Mexican President Felipe Calderon gives a farewell message
He thanks Mexicans for understanding the "difficult decisions" he had to make
Protesters in the country's capital criticize his "six-year term of death"
Calderon, whose presidency ends this week, will head to Harvard
Protesters carried a Mexican flag stained with fake blood in the country’s capital this week – a symbol, they said, of President Felipe Calderon’s six-year term.
Just a few hours later, Mexican television broadcast video of the outgoing president brushing his hand across a pristine flag as triumphant music played in the background.
The images showed two drastically different interpretations of Calderon’s legacy: a fed-up public that has grown weary of a brutal drug war; and a president who maintains that his fight against organized crime was necessary and, by some measures, successful.
“I leave having accomplished my duty and responsibility to serve Mexico,” said Calderon, whose term ends this week. “I have worked to leave a stronger, healthier country, with a better justice system and a solid economy.”
But activists offered a much harsher assessment, staging a protest in Mexico City dubbed “A Recounting of the Damage: A Six-Year Term of Death.”
“Felipe Calderon leaves as a traitor to the country, as the president of devastation and contempt,” the Movement for Peace with Justice and Dignity said in a statement, slamming Calderon’s “clumsy attempt to reduce crime.”
Calderon: We had to make ‘difficult decisions’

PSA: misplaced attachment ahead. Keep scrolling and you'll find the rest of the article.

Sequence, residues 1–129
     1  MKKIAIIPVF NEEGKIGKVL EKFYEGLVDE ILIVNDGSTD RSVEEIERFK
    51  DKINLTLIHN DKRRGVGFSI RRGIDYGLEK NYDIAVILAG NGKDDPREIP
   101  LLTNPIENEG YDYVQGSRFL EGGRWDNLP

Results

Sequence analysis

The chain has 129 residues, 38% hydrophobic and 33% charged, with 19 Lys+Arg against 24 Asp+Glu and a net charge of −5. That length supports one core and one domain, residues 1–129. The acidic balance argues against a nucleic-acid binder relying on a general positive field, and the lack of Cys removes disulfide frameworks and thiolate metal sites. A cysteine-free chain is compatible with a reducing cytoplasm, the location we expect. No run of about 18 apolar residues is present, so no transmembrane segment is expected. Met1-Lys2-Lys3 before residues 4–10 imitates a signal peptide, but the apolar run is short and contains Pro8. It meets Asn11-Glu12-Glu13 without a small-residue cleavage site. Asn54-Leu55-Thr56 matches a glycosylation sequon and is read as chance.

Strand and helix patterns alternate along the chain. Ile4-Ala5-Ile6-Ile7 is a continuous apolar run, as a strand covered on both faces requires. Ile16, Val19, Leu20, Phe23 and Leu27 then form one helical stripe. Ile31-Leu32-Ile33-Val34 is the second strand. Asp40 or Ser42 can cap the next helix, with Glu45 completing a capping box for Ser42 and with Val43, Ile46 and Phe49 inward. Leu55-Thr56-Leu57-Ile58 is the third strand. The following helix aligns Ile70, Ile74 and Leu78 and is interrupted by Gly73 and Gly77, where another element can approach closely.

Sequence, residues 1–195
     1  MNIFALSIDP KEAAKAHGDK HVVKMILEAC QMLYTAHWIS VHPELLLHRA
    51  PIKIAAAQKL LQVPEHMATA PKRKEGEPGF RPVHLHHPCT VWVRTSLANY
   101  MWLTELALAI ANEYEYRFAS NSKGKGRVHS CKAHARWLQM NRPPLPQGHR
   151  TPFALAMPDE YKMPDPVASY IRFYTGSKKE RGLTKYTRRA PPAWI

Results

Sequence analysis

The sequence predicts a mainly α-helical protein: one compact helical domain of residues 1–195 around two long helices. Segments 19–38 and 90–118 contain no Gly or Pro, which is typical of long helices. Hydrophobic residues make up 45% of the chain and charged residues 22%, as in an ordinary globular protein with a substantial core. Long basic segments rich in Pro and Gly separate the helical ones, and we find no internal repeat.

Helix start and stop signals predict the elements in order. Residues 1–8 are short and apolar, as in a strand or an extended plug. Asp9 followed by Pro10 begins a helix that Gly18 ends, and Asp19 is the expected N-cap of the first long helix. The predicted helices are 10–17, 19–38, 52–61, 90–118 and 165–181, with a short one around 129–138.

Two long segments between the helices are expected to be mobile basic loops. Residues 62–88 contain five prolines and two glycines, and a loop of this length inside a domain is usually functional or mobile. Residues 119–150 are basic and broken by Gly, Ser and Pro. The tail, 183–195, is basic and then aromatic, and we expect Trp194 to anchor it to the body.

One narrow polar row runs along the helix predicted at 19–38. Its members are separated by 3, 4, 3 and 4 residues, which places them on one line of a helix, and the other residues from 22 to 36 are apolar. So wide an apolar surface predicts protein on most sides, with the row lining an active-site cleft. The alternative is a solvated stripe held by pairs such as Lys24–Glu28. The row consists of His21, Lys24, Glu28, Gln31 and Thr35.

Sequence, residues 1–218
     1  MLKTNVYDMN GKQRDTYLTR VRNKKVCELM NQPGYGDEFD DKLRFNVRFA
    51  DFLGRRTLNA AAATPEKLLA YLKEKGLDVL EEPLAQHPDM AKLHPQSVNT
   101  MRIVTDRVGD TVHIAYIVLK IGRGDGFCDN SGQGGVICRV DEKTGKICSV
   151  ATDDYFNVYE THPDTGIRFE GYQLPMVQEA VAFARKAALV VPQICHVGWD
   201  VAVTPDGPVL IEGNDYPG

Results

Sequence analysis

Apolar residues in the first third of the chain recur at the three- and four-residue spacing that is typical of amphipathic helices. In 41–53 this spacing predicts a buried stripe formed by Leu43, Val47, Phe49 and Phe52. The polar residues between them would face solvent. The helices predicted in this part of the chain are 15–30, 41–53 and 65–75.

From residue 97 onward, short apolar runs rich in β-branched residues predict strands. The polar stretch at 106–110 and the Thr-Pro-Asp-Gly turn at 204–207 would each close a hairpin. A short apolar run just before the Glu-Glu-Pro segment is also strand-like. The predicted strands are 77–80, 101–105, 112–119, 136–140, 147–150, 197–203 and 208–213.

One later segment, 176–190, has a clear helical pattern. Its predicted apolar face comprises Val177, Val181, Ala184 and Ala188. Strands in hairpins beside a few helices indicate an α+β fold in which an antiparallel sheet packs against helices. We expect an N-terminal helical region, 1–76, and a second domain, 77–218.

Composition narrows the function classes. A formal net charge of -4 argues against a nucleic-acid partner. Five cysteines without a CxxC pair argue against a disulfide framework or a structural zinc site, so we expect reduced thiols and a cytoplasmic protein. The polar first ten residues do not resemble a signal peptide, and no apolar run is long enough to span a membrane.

In his farewell address, broadcast Wednesday night, the president thanked the country’s public officials, military and police for “defending Mexican families.”
Calderon noted that his government had passed universal health care and kept Mexico’s economy stable in the face of the global financial crisis.
But he did not explicitly mention the controversial six-year crackdown on drug cartels that began in 2006, when he deployed federal troops to fight organized crime.
The battle became a hallmark of his tenure, and has sparked mounting criticism in recent years. Government statistics estimate that 47,500 people have died in drug-related violence since Calderon took office.
The Mexican government has not released official figures since January, and others estimate a much higher death toll.
Officials have repeatedly said that brutal battles between rival cartels fueled the violence.
And in earlier speeches, Calderon has noted that 25 of the country’s 37 most-wanted drug traffickers were killed or captured during his tenure.
“Thanks to all Mexicans for your understanding before the very difficult decisions that we had to make in order to face so many complicated challenges,” Calderon said in his address. “Beyond my capabilities and limitations, I assure you that I have put all my willingness and understanding to work toward the common good of Mexicans.”
A recent national survey by the Mexican firm Gabinete de Comunicacion Estrategica (Strategic Communications Office) revealed that nearly 66% of Mexicans questioned believe that drug traffickers were winning the organized crime fight. In that same survey, 52% of the 2,000-person sample questioned said they approved of Calderon’s approach to combating cartels.
Analysts offer different assessments of whether Calderon’s drug war strategy worked.
Some have argued that the president entered the battle without realizing the enemy’s capabilities.
“I think the adversary was larger and more harmful than we thought,” security expert Eduardo Guerrero told CNN en Español in 2010. “It was much more capable of responding to the government’s strategy, and getting stronger.”